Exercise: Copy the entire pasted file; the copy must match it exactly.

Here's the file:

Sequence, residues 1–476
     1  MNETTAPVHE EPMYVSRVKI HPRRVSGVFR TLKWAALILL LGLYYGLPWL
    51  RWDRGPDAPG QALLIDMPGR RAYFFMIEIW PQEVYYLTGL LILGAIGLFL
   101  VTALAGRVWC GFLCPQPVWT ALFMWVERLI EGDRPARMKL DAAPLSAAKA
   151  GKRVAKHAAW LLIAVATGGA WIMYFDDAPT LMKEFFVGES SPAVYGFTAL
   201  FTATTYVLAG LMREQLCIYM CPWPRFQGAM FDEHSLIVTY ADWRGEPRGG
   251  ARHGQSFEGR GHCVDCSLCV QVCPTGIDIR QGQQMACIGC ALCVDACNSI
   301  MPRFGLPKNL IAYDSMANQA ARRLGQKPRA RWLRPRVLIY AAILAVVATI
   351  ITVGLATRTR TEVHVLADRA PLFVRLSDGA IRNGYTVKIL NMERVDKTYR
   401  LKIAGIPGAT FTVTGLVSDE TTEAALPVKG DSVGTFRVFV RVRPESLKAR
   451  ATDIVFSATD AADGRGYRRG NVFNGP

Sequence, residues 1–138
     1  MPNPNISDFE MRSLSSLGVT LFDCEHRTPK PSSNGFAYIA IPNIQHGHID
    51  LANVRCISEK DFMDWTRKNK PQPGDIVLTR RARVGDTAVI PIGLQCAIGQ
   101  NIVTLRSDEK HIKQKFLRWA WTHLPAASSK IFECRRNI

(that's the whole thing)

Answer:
Sequence, residues 1–476
     1  MNETTAPVHE EPMYVSRVKI HPRRVSGVFR TLKWAALILL LGLYYGLPWL
    51  RWDRGPDAPG QALLIDMPGR RAYFFMIEIW PQEVYYLTGL LILGAIGLFL
   101  VTALAGRVWC GFLCPQPVWT ALFMWVERLI EGDRPARMKL DAAPLSAAKA
   151  GKRVAKHAAW LLIAVATGGA WIMYFDDAPT LMKEFFVGES SPAVYGFTAL
   201  FTATTYVLAG LMREQLCIYM CPWPRFQGAM FDEHSLIVTY ADWRGEPRGG
   251  ARHGQSFEGR GHCVDCSLCV QVCPTGIDIR QGQQMACIGC ALCVDACNSI
   301  MPRFGLPKNL IAYDSMANQA ARRLGQKPRA RWLRPRVLIY AAILAVVATI
   351  ITVGLATRTR TEVHVLADRA PLFVRLSDGA IRNGYTVKIL NMERVDKTYR
   401  LKIAGIPGAT FTVTGLVSDE TTEAALPVKG DSVGTFRVFV RVRPESLKAR
   451  ATDIVFSATD AADGRGYRRG NVFNGP

Sequence, residues 1–138
     1  MPNPNISDFE MRSLSSLGVT LFDCEHRTPK PSSNGFAYIA IPNIQHGHID
    51  LANVRCISEK DFMDWTRKNK PQPGDIVLTR RARVGDTAVI PIGLQCAIGQ
   101  NIVTLRSDEK HIKQKFLRWA WTHLPAASSK IFECRRNI